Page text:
Breakthrough in U.S.-India relations?

Breakthrough in U.S.-India relations?

January’s state visit by President Obama to New Delhi was highlighted by a supposed major breakthrough on the implementation of a U.S.-India civil nuclear agreement. But what was actually agreed upon and what does it mean for the U.S. and Indian nuclear power industries? Less than the headlines may have led you to believe. 

In January, President Obama became the first American President to attend the Republic Day parade, an annual celebration marking the formal adoption of the Indian constitution in 1950. While the vivid pageantry of this festive occasion marked the symbolic apex of the President’s state visit to New Delhi, a significant compromise on the long-delayed implementation of U.S.-Indian civilian nuclear cooperation represented the crowning substantive achievement of this visit.

This “breakthrough understanding” was hailed by both governments as a major achievement, helping put aside years of enmity over how and when bilateral nuclear energy cooperation could finally materialize. The accord seemingly marked a turning point for U.S.-India bilateral relations under the Obama Presidency, which so far have been significantly cooler than the partnership cultivated under the Bush Administration.

Nevertheless, a month later, critical details regarding what was exactly agreed upon remain vague and incomplete, with both governments noting that further talks must be held to finalize the understandings reached during the state visit.

Investors betting on a resurgence of American investment in India’s nuclear power industry should remain cautious. It is not all clear whether the agreement reached between President Obama and Prime Minister Modi last month was a real game-changer or yet another effort to kick this can down the road once again.

In 2005, the United States and India reached a landmark agreement that would integrate India’s civilian nuclear power industry into the international system in spite of India’s nuclear weapons program and associated refusal to accede to the Nuclear Nonproliferation Treaty.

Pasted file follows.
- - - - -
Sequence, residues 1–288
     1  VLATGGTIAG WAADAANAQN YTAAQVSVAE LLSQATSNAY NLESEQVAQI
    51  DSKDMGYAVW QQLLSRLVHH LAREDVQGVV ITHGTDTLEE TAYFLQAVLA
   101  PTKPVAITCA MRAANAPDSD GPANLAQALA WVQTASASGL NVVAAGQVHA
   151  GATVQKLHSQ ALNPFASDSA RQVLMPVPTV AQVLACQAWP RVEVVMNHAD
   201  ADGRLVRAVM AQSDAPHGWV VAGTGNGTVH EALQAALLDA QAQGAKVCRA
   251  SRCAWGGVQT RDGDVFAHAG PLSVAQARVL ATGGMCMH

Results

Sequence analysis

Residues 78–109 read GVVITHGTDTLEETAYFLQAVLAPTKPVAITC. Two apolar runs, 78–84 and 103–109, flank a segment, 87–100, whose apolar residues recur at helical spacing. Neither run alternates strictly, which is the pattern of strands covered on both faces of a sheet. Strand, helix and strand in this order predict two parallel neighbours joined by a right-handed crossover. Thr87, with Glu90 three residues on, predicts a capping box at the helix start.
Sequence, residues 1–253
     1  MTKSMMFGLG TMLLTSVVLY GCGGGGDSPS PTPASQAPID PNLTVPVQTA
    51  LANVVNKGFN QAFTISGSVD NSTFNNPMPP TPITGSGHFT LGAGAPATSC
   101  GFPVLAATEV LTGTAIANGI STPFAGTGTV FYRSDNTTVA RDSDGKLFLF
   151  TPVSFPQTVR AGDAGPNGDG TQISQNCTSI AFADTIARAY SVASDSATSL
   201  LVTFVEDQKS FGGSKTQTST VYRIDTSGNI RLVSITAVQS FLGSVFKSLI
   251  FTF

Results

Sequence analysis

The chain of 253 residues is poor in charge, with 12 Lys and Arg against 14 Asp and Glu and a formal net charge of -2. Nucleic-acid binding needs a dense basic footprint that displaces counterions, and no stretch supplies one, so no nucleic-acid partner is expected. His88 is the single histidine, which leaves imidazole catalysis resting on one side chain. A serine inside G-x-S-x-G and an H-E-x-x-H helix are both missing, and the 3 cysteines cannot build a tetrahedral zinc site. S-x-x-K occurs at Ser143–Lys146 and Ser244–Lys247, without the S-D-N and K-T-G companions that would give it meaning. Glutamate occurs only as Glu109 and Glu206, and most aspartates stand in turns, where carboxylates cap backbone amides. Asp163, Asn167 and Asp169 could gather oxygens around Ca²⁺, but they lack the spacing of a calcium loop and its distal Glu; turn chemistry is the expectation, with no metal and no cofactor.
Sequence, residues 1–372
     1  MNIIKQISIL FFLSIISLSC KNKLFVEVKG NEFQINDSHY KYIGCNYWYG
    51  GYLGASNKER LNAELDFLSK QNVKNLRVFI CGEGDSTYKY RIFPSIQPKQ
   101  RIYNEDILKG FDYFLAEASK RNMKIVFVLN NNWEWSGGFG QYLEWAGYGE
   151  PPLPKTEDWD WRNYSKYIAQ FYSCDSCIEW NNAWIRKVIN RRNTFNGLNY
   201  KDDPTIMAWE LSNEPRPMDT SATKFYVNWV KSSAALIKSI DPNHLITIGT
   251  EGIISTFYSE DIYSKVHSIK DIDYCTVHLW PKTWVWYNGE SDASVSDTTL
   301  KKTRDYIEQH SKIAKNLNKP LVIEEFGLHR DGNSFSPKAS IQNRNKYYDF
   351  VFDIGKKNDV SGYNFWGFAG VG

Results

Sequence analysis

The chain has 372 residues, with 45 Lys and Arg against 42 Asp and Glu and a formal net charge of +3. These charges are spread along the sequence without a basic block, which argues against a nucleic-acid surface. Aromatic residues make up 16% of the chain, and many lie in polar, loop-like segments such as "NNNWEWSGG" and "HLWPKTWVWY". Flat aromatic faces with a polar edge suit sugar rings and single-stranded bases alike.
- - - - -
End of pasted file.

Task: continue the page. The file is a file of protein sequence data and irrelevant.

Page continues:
Over the next three years, this accord was endorsed first by the Nuclear Suppliers Group, allowing India to import key components and supplies, including enriched uranium, for its nuclear power industry, and then subsequently by the U.S. Congress. The latter vote technically consented to a specific bilateral agreement defining how the United States and India would cooperate on civil nuclear energy matters.

Nevertheless, six years later, this bilateral accord remains still-born, with thorny disputes outstanding over the contours of its implementation. Two key disagreements have prevailed: 1) The extent of liability borne by U.S. suppliers providing reactors and other components in the event of an accident; and 2) U.S. nonproliferation objectives in ensuring no materials intended for civilian purposes is diverted to India’s nuclear weapons program.

These disputes have failed to yield any real progress since President Obama took office, essentially putting a freeze on any investment in the Indian nuclear sector by U.S. companies like GE and Westinghouse. In the meanwhile, foreign competitors, led by France and Russia, have moved quickly to exploit the NSG waiver and begin construction on new civilian nuclear reactors on Indian soil.

However, last fall, with both sides weary of the prolonged stalemate, a high-level Contact Group was established to expedite key compromises, helping set the stage for last month’s agreement.

So what was agreed? Based on press reports and statements from U.S. and Indian officials, many delivered only on background, here is what we know:

India agrees to abide by international rules on liability damages